Batman: The Animated Series – Episode 6 – The Under-Dwellers


Batman: The Animated Series – Episode 06 – The Under-Dwellers
Writer: Jules Dennis & Richard Mueller (Teleplay), Tom Ruegger (Story)
Director: Frank Paur
Theme Score: Shirley Walker
Episode Score: Stu Balcomb & Lars Cutterham
Animation Studio: Studio Junio
Story Editors: Sean Catherine Derek

Paur will direct many more episodes throughout the series’ run and would also later direct 16 episodes of Gargoyles. Prior to BTAS, he worked as a storyboard designer on shows such as The Real Ghostbusters and Attack of the Killer Tomatoes. Writer Jules Dennis had also worked on The Real Ghostbusters and Richard Mueller had worked on both shows.

From the get go, the score of the episode is quite engaging. It’s a very tight, up tempo beat and helps set up the action scene which ensues, of two kids playing chicken on a train, very well. As the episode continues, the score continues to stand out far more than anything else with a brooding yet haunting theme as the kids in the sewer are shown for the first time.

The directing by Paur is impactful with a lot of different shots including a great over the shoulder pan to a crouched Batman as the kid flees. Unfortunately, the scene also sets up a bit of an issue with the overall story as it doesn’t really have any impact except to be one of those action sequences ultimately with no merit on the plot or Batman’s character either. With that said, I did like the subtle shake of Batman’s head as he came upon the kids.

One of my favorite shots in the entire episode is after the dinner bell is rung and the kid stands up in the field of rocks while shadowed silhouettes ‘march’ towards the source of their destination. Very reminiscent of war footage and does a great job also showing the control of the Sewer King over the children. Paur does a fine job trying his best to utilize a litany of various angles and shots to keep the episode from bogging down too much and it mostly works in his favor as it never ‘feels’ sludgy.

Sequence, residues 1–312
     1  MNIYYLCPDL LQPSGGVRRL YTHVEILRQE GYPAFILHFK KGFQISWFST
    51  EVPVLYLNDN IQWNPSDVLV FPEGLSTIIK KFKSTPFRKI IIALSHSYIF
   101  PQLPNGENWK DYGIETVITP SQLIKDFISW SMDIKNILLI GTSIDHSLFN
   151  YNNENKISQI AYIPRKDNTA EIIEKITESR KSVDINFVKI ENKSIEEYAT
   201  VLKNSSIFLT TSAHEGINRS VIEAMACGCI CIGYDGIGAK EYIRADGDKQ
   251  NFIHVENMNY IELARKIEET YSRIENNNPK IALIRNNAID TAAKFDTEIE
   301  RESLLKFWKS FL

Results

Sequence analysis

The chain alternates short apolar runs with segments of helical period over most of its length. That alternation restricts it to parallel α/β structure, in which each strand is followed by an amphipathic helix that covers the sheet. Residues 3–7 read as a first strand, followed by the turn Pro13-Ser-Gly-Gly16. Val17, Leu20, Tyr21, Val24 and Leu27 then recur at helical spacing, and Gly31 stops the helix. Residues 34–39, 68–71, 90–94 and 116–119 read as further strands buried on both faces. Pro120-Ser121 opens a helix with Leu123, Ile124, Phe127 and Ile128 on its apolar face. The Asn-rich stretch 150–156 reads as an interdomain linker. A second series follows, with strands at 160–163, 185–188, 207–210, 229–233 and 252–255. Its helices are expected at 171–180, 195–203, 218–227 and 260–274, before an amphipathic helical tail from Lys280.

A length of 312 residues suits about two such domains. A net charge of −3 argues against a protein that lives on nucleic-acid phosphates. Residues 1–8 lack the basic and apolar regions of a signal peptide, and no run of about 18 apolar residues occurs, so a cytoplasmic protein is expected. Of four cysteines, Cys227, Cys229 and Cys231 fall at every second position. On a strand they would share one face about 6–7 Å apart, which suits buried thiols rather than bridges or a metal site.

It’s pretty clear to see why Jules and Richard only handled a few more episodes in the series. The background of the story is somewhat intriguing but the actual teleplay tends to drift towards old hat characterization (e.g. the woman whose purse is stolen ‘fainting’ after Batman dashed past her). The actual character of the Sewer King (Michael Patataki) is pretty lame and reminded me of Mad Mod from Teen Titans without an ounce of the charm. Patataki tries with what he has but it’s just not enough.

The plot and story tries to go for a darker tone, such as runaway kids and abuse of them when there is no real oversight from the police, but the villain is just so poorly fleshed out and conceived. Ruegger came up with a concept that might have worked with stronger writers, however, Dennis and Mueller just can’t quite get a handle on how to balance it all and it shows. It’s also weird as the villain seems like a hodge podge of ‘classic’ fairy tale pieces such as the alligators reminiscent of Peter Pan and the cape reminding one of The Phantom of the Opera. Even the way he speaks can evoke Gollum from The Hobbit.

It’s telling that the scenes between Alfred and Frog, the kid, are a bit more entertaining to watch because there’s no real long term plan behind the Sewer King except that he mistreats the children he took in. It’s not even clear, a detriment by the writers, what his goal is beyond utilizing the kids for petty theft. There’s a semblance of possible neurological disorders but other characters such as the Mad Hatter are given deeper stories that transcend the fact that they are psychologically damaged or unhinged. That tactic is missing from the Sewer King as a villain and it clearly hurts the overall episode and any chance of it being an effective story.

There are some little moments that work well thanks to the art production such as the Bat symbols in the police woman’s eyes as she nearly runs down Batman in her police car. Unfortunately the art is a bit hit or miss like in the last episode, Pretty Poison, where the close up shots tend to be stronger than the long shots and character animation can be a bit stiff and jerky at times.

Next Week: Episode 7 arrives with P.O.V.

Written by David Hunter

David Hunter enjoys writing about wrestling, sports, music, and horror!

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